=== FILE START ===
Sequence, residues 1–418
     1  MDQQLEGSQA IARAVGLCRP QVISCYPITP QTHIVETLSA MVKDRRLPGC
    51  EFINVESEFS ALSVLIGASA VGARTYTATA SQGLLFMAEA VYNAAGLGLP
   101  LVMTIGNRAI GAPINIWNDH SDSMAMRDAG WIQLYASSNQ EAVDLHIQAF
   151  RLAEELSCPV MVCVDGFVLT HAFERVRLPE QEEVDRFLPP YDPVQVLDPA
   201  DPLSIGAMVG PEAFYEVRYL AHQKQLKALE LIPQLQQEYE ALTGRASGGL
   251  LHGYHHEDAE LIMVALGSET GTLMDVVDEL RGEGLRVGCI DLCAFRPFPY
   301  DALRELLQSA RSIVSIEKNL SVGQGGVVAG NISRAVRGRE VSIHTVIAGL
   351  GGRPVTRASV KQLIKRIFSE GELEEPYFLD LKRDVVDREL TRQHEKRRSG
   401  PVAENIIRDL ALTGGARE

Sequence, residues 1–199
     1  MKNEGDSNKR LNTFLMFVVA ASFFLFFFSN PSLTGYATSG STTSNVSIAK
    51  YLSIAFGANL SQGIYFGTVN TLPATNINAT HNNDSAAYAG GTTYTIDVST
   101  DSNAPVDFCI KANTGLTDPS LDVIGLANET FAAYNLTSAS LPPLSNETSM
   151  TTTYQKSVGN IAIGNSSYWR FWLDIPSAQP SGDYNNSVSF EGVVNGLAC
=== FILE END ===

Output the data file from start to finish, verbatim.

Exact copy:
Sequence, residues 1–418
     1  MDQQLEGSQA IARAVGLCRP QVISCYPITP QTHIVETLSA MVKDRRLPGC
    51  EFINVESEFS ALSVLIGASA VGARTYTATA SQGLLFMAEA VYNAAGLGLP
   101  LVMTIGNRAI GAPINIWNDH SDSMAMRDAG WIQLYASSNQ EAVDLHIQAF
   151  RLAEELSCPV MVCVDGFVLT HAFERVRLPE QEEVDRFLPP YDPVQVLDPA
   201  DPLSIGAMVG PEAFYEVRYL AHQKQLKALE LIPQLQQEYE ALTGRASGGL
   251  LHGYHHEDAE LIMVALGSET GTLMDVVDEL RGEGLRVGCI DLCAFRPFPY
   301  DALRELLQSA RSIVSIEKNL SVGQGGVVAG NISRAVRGRE VSIHTVIAGL
   351  GGRPVTRASV KQLIKRIFSE GELEEPYFLD LKRDVVDREL TRQHEKRRSG
   401  PVAENIIRDL ALTGGARE

Sequence, residues 1–199
     1  MKNEGDSNKR LNTFLMFVVA ASFFLFFFSN PSLTGYATSG STTSNVSIAK
    51  YLSIAFGANL SQGIYFGTVN TLPATNINAT HNNDSAAYAG GTTYTIDVST
   101  DSNAPVDFCI KANTGLTDPS LDVIGLANET FAAYNLTSAS LPPLSNETSM
   151  TTTYQKSVGN IAIGNSSYWR FWLDIPSAQP SGDYNNSVSF EGVVNGLAC